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Are Higher Land Values Positive or Negative?

Average farmland values increased 1.9% (so far in 2018) to $3,140 an acre, according to the most recent USDA Land Value Summary report. Recently, John Deere indicated an upbeat forecast for sales in the year ahead, citing the need for farmers to replenish older and worn equipment. Yet, most producers don’t feel their equipment is worth more, as they struggle to make a living due to subpar prices for the commodities they produce. Most are proud of the work they’ve done to create outstanding crops, yet in the end, large crops contribute to big supply and low prices. Over the last several years, price rallies for row crops have been slow in coming, and just when it looks like prices may take off, they get clobbered. Timely weather is usually the reason. This year, row crops experienced a triple whammy at the end of May, as managed money quickly moved out of long (buy) positions, weather for crop growth was near ideal, and untimely tariff news created a bearish environment.

Are land values overpriced and likely to collapse? It’s possible and not likely. Farmland values have held up well due to high-yielding crops. One good price rally, and all thoughts of overvalued land go out the window. Another reason land values have held up so well is that there’s a percentage of farmers who’ve managed their risk (and money) well. They’ve done a good job of producing crops and marketing through forward sales and hedging. While cash flow is not necessarily great for any producer these days, those farmers that have done well are prepared to bid aggressively when land close to home becomes available. They are the buyers of land.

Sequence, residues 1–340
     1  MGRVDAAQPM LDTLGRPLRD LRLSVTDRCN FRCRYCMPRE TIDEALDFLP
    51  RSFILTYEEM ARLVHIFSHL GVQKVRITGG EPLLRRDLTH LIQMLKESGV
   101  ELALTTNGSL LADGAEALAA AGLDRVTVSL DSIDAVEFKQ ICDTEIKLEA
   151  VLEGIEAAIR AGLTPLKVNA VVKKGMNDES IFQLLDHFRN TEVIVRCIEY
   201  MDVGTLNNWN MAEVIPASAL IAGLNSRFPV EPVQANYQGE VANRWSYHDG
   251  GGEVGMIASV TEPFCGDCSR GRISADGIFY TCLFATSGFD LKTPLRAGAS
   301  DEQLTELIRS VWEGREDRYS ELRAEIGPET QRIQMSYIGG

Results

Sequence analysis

The question is whether or not it’s smart to chase land values at this time. History suggests that land, over time, is a desirable asset from an investment perspective, and ultimately beneficial to own. Yet, many farmers are seeing red ink despite high yields and good management practices. This would suggest that chasing high land prices now could be unfavorable. When land comes up for sale, especially close to home, it may be hard to not take the plunge. Your lender may have as much to say as anyone. Heed the advice of someone who is not as emotionally attached as you.

An optimistic viewpoint is that price volatility in the grain markets has picked up over the last year. Corn, beans, and wheat have all exceeded the previous year highs. World demand continues to grow. This is the second consecutive season in which corn usage will exceed world production. A weather hiccup could send prices another 20% or 30% higher. Consequently, land purchases now could make a lot of sense. Yet, a rough 2018 could weaken land prices, as producers and lenders choose not to chase higher values. Taking a conservative approach and biding your time now may position you well to be a buyer at that time. 

In the end, are higher land values positive or negative? It likely depends on your perspective. While there are no right (or wrong) answers, the question is what you plan to do if opportunity knocks with an offer to buy.

If you have questions or comments, contact Top Farmer at 1-800-TOP-FARM, ext. 129, or ask for Bryan Doherty.

Futures trading is not for everyone. The risk of loss in trading is substantial. Therefore, carefully consider whether such trading is suitable for you in light of your financial condition. Past performance is not necessarily indicative of future results.

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